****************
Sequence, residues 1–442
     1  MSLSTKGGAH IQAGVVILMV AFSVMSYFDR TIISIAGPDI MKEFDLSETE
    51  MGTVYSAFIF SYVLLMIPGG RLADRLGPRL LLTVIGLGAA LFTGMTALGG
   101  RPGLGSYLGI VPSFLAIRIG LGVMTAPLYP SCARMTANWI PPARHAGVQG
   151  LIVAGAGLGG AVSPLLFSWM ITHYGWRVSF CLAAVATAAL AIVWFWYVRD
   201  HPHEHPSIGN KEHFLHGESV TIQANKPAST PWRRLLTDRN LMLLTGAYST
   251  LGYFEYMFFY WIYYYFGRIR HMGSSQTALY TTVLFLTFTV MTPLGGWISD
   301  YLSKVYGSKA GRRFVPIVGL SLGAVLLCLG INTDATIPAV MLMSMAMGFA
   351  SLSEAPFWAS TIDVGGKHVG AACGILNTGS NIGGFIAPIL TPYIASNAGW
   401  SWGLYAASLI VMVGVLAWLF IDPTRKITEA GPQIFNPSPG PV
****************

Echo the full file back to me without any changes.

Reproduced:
Sequence, residues 1–442
     1  MSLSTKGGAH IQAGVVILMV AFSVMSYFDR TIISIAGPDI MKEFDLSETE
    51  MGTVYSAFIF SYVLLMIPGG RLADRLGPRL LLTVIGLGAA LFTGMTALGG
   101  RPGLGSYLGI VPSFLAIRIG LGVMTAPLYP SCARMTANWI PPARHAGVQG
   151  LIVAGAGLGG AVSPLLFSWM ITHYGWRVSF CLAAVATAAL AIVWFWYVRD
   201  HPHEHPSIGN KEHFLHGESV TIQANKPAST PWRRLLTDRN LMLLTGAYST
   251  LGYFEYMFFY WIYYYFGRIR HMGSSQTALY TTVLFLTFTV MTPLGGWISD
   301  YLSKVYGSKA GRRFVPIVGL SLGAVLLCLG INTDATIPAV MLMSMAMGFA
   351  SLSEAPFWAS TIDVGGKHVG AACGILNTGS NIGGFIAPIL TPYIASNAGW
   401  SWGLYAASLI VMVGVLAWLF IDPTRKITEA GPQIFNPSPG PV